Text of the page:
The second third kept that nice smooth peppery spice. Sweet mocha notes stood in the forefront of the flavor profile. Like the first third, the smoke was crisp with nuttiness and an addition of occasional coffee. A lot of draws had strong woody flavors, and others did not. Towards the end of the second third,  the different flavors took turns at dominating the flavor profile.


The pepper really mellowed out in the last third. It was just smooth and sweeter, with a familiar zing you often get from Nicaraguan tobacco. Woody flavors often took the lead. At other times, nutty coffee-ish notes dominated. A slight sweet tingle was felt on the tongue and lips.



This was a damn good full bodied cigar. I liked the way the flavor profile quickly built up to a complex, full bodied experience. My only complaint is the price of $10.00 for a Robusto size. Price aside, I have to say WOW what a great cigar.

Benchmade by Ashton

Friday, December 18th, 2009

Once again, I found myself checking out another cheap cigar while browsing a local shop. The Benchmade is a brand of Ashton, and is blended by Jose Pepin Garcia. What drew me to it was the price, and the fact that it is a Nicaraguan puro from Ashton. I figured for two bucks, grabbing a couple to review couldn’t hurt. I filled up my glass of water and bring you my thoughts…


Wrapper: Nicaragua

Binder & Filler: Nicaragua

Size: Robusto 5 x 50

Price: Around $2.50


Pre-Smoke & Construction:

Giving the cigar the old once over, I found it to be visually appealing. The dark brown wrapper had some small veins, but otherwise no mentionable flaws. Pinching the cigar revealed a soft spot or two, but nothing of concern. The wrapper had an earthy. grassy odor. The foot almost had no smell at all, other then a very slight pepper. The pre-light draw was free, and had a sweet natural tobacco taste.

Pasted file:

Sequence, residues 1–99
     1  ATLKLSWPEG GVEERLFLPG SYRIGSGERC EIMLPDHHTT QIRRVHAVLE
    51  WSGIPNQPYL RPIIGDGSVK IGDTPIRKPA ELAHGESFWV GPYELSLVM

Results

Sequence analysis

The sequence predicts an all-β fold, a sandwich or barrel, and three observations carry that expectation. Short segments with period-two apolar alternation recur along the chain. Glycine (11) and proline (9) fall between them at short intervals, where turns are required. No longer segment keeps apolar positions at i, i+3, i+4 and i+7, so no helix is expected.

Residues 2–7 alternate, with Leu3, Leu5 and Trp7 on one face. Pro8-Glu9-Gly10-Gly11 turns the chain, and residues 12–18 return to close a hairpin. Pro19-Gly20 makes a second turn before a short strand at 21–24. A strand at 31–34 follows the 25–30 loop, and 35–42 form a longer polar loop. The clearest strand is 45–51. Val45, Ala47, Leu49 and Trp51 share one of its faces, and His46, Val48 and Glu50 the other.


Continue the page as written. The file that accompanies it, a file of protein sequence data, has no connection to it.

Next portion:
The burn required no corrections, and the flakey ash held for about a half of an inch.



Peppery spice greeted me in the first third. Beneath the spice were woody and earthy notes. I couldn’t pull any other flavors at this point.


The second third increased in strength slightly. The woody flavors took on a sweet tinge, while the earthy flavors fell further into the background. That peppery zing remained.


The smoke feel in the last third became thick and a little creamy. When passing through the nose, the pepper was still present. If anything, the pepper was the dominant flavor. It mingled with the woody flavor for an overall enjoyable smoke.